IN computations by abstract computing devices such as the Turing machine, head reversals are required for searching the input or retrieving intermediate results. Hence the number of head reversals is a measure of the complexity of a computation. This thesis is a study of reversal-bounded computation on three models of abstract computing devices.
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Finite Automaton Computations
ReversalBounded Counter Machines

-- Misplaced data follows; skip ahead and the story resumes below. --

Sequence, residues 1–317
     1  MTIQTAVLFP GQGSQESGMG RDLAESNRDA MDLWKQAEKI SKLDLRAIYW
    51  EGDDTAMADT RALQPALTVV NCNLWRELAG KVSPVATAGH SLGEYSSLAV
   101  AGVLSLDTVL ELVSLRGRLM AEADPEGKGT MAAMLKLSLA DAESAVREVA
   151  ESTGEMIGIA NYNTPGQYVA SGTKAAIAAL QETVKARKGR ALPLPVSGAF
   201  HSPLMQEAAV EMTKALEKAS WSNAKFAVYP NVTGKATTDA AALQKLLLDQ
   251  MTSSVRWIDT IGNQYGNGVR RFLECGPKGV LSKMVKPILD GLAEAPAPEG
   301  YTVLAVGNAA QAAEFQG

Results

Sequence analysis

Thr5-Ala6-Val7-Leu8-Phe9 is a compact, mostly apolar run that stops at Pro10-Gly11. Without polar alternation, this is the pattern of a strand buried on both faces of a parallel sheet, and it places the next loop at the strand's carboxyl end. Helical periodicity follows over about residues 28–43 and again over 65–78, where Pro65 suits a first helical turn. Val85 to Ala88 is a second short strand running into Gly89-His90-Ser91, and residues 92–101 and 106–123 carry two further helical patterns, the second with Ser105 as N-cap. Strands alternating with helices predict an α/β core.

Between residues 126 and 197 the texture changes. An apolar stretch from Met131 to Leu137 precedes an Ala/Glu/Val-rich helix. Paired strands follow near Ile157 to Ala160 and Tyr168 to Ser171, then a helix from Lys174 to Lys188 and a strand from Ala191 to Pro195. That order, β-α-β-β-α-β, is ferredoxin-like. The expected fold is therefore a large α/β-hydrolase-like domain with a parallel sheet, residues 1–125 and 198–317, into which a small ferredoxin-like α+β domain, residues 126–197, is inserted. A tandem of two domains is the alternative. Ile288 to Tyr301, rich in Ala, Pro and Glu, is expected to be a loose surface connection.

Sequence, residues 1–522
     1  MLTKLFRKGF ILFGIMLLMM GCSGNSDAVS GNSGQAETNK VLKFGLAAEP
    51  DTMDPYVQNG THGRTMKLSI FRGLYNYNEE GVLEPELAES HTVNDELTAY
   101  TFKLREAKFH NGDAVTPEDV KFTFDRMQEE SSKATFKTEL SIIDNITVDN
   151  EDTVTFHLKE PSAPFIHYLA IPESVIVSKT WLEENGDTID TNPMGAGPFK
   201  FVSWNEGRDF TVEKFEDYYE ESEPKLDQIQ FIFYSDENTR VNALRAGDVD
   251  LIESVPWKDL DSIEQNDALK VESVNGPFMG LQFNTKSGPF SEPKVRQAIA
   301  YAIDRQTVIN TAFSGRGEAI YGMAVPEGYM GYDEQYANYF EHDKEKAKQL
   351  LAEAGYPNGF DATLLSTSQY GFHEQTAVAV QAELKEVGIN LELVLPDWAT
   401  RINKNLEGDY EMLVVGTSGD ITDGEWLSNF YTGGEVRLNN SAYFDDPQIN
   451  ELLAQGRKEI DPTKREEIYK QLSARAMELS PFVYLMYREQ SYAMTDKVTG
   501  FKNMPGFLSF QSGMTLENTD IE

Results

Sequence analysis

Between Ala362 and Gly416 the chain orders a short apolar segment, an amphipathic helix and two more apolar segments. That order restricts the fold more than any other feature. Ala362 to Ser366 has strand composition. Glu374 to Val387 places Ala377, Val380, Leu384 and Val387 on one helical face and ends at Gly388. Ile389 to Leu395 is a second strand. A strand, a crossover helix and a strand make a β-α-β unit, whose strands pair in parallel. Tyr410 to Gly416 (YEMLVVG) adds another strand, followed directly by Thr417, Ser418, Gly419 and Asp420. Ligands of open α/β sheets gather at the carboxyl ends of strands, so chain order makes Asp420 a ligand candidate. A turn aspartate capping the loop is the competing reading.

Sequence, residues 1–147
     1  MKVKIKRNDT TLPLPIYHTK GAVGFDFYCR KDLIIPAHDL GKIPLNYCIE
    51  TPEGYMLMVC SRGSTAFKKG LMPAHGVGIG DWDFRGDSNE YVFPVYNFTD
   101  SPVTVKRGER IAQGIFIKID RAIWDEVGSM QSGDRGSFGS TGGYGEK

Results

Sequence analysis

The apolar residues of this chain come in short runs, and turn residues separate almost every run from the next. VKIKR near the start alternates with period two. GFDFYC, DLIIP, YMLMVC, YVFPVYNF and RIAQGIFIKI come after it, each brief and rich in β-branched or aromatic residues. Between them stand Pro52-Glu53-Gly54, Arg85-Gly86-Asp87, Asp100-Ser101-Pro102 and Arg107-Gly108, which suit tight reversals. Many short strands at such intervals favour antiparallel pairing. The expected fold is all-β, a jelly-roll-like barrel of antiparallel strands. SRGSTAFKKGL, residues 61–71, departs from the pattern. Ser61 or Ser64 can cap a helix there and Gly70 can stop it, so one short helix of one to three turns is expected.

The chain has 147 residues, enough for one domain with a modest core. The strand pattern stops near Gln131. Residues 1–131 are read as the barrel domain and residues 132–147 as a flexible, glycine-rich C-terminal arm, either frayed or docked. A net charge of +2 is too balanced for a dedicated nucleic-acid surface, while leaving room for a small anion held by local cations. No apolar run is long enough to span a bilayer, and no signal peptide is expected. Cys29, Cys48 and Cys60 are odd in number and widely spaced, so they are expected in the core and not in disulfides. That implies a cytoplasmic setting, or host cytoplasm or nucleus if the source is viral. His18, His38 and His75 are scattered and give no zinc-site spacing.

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1-way NSM languages 1-way simple 2-tape DFA accepting computation alphabet arguments atomic formulae augmented Baker and Book binary encoding branching test BSP accepts class of 1-way class of languages closed under complementation CM's configuration constant context-free languages Corollary counter machines counterexamples decision problems decrement definable deterministic DTIME effectively constructible empty finite automata finite control finite memory finite reversal finite reversal-bounded counters forcible execution function Greibach guess head reversals Herbrand interpretation hierarchy homomorphism ignored POPs induction input head input tape languages accepted Lemma linear log n reversal-bounded logn multihead multitape NCM's nondeterministic NSM's positive integer predicate Presburger arithmetic program schemes proof proper subclass pushdown automata pushdown store recognizable recursive recursive sets regular sets result reversal bounds reversal complexity reversal hierarchy reversal-bounded 1-way scan segment sequence simulation space-bounded TCS values Theorem time-bounded Turing machine unary unary languages underlying language valid computation variables verify